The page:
Telstra, Ericsson, Intel complete “5G” data call using 3GPP New Radio
Australian network operator Telstra, Ericsson and Intel announced they have jointly completed the first end-to-end 3GPP non-standalone “5G” data call on a commercial network in a multi-vendor setup. The trial at Telstra’s 5G Innovation Centre on Australia’s Gold Coast used licensed 3.5-GHz spectrum, and Ericsson’s “5G” New Radio, baseband and packet core solution, a Telstra SIM and the Intel 5G Mobile Trial Platform. It involved a network connection to an Ericsson virtualized 5G packet core running on Ericsson’s network functions virtualization (NFV) infrastructure. The 5G slice was then connected into the existing Telstra 4G mobile network.
Ericsson and Intel jointly completed the first lab-based end-to-end non-standalone 5G data call earlier this month, and the live demonstration builds on this milestone.
“Demonstrating this 5G data call end-to-end using my own personal SIM card on Telstra’s mobile network is the closest any provider has come to making a ’true’ 5G call in the real world-environment, and marks another 5G first for Telstra,” Telstra group managing director for networks Mike Wright said.
Previous “5G” experiments have included the first 5G data call over 26-GHz spectrum, Australia’s first 5G connected vehicle trial and its first 5G mobile gaming demonstration.
“We continue to work with global technology companies Ericsson and Intel as well as global standards bodies to advance the deployment of commercial 5G capability in Australia,” Wright concluded.
Intel Next Generation and Standards vice president and general manager Asha Keddy said the tech giant would continue working on 5G use cases and trials ahead of the launch of Telstra’s 5G network in 2019.
3 thoughts on “Telstra, Ericsson, Intel complete “5G” data call using 3GPP New Radio”
3GPP New Radio (in release 15 spec) reallocates some existing LTE bands and introduces new mmWave bands up to 40 GHz. While initial 5G devices will implement some type of point-to-point wireless link, smartphone manufacturers are already planning the introduction of their products that contain multiple radios. Adding yet another radio adds new coexistence challenges that designers must address.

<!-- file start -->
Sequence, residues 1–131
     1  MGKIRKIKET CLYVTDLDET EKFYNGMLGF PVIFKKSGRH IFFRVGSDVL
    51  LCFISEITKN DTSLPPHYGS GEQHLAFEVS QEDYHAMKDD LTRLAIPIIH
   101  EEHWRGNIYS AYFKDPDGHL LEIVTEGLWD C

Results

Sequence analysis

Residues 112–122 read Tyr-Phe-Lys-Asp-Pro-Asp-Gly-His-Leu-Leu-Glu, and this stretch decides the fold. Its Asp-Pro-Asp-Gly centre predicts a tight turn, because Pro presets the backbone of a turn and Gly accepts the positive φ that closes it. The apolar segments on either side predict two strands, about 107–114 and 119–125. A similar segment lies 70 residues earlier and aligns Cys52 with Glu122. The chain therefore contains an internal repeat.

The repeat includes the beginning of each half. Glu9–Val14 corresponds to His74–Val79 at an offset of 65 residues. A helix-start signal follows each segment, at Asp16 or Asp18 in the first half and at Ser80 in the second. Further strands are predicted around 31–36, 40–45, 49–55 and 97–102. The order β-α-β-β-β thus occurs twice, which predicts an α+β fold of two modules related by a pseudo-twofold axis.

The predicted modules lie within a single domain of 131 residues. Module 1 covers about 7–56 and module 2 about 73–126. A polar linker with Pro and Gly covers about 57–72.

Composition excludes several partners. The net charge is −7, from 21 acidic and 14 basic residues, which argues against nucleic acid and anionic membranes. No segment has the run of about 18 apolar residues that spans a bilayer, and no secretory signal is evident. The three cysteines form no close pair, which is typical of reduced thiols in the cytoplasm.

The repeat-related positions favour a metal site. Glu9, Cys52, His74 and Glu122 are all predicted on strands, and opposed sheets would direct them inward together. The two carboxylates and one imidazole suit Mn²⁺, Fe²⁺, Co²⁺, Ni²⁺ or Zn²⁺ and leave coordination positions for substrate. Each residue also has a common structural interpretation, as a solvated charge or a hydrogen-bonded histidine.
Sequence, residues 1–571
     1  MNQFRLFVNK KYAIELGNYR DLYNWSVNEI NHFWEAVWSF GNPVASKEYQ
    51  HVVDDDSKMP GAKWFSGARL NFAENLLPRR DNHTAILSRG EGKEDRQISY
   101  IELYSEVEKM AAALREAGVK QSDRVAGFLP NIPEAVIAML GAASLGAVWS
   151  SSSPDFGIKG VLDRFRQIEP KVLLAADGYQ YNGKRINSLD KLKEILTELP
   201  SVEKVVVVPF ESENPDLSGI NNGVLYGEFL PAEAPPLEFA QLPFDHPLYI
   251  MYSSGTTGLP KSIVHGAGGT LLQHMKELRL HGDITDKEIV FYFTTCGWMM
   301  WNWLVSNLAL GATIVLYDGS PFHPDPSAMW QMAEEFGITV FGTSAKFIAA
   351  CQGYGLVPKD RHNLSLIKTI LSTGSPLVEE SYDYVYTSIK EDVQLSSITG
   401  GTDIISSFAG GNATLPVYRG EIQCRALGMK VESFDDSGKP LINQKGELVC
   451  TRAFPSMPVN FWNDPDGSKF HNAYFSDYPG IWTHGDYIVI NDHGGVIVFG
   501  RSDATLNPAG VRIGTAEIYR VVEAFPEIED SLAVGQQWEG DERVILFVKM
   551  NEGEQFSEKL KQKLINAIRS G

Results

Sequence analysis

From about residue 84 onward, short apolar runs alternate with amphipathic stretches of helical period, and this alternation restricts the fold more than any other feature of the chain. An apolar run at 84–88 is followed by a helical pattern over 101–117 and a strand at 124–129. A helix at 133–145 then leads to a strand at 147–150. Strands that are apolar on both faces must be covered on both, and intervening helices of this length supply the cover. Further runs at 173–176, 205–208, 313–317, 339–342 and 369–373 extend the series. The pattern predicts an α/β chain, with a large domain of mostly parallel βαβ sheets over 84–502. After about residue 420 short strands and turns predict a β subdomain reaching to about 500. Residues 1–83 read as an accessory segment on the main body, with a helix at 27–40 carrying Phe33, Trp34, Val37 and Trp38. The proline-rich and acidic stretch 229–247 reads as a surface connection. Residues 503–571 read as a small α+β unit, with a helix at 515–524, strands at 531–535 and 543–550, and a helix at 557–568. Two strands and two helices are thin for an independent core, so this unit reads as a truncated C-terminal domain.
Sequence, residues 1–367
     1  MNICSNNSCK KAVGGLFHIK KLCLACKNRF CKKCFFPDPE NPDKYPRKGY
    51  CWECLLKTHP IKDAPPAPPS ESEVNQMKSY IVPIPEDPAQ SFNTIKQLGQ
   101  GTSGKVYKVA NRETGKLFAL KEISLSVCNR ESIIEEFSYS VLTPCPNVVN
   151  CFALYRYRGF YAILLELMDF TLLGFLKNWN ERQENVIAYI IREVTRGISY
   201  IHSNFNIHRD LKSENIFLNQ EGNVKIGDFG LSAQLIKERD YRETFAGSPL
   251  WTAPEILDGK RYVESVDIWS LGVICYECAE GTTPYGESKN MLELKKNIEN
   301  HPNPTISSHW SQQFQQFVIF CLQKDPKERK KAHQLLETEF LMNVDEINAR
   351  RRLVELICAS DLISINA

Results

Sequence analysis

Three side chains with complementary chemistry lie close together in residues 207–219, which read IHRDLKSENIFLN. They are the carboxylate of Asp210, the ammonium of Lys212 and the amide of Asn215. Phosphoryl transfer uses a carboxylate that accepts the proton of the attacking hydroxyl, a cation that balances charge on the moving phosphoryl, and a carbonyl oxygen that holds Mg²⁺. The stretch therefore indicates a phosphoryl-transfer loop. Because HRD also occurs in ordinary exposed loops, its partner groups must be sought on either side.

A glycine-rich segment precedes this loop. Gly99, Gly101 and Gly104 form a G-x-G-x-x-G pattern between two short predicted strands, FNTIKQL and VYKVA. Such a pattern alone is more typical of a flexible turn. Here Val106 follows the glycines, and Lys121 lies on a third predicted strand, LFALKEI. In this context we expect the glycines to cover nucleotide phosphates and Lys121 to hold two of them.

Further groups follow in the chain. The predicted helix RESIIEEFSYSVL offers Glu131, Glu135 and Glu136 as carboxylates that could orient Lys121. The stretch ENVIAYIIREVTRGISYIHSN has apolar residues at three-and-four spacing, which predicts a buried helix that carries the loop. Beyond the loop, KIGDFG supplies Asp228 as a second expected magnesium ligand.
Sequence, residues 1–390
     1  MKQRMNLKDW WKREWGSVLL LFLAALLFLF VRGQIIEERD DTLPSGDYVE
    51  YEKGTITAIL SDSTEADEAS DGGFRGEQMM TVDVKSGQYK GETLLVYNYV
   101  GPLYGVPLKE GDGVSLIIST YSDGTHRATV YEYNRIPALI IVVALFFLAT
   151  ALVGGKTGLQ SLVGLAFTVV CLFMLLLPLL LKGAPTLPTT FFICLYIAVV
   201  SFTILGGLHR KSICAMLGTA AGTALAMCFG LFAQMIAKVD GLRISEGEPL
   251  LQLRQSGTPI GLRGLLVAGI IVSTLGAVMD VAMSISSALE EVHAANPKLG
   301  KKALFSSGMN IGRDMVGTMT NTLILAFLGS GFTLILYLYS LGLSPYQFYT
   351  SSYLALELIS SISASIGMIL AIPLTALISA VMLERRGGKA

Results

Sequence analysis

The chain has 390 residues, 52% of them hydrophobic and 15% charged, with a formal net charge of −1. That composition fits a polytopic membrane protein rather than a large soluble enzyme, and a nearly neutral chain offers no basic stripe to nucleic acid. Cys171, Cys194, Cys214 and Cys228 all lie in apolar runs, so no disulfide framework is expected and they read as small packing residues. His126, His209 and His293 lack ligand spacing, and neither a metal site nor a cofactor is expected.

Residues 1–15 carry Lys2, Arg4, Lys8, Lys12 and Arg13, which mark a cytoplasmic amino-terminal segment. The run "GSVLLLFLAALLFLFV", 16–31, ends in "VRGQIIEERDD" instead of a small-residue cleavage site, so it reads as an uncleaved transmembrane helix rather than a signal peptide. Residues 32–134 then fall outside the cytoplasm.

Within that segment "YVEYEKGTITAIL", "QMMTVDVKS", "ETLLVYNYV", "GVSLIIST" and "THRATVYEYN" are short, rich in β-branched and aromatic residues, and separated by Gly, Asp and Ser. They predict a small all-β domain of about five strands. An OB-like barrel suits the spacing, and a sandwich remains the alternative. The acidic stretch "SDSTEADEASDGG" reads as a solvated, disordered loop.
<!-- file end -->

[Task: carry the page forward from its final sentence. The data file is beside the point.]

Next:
5G NR mid-band (1 GHz to 6 GHz) and high-band (above 24 GHz) operate in the same or in adjacent spectrum to other wireless communications systems. With devices covering multiple bands, there is increased risk for sideband interference or new shared spectrum issues. 5G NR devices will need to operate adjacent to or even in the same spectrum as existing wireless communications systems without causing interference. Designers of 5G chipsets and components need to know the different types of coexistence interference issues, where coexistence interference is likely to occur, and how to test for coexistence interference.
There are many types of coexistence interference, but two primary issues require new coexistence testing. The first involves testing in-band and out-of-band emissions and testing the impact of the 5G NR emissions on other radio signals. These tests are important because you must ensure that a 5G radio doesn’t cause interference with other radios in the device, with other radios signals in the channel, or with signals in an adjacent spectrum. Such testing is similar to 4G coexistence issues, but the increasing number of radios in a device and the increasing number operating bands where 5G NR will operate will compound the problem.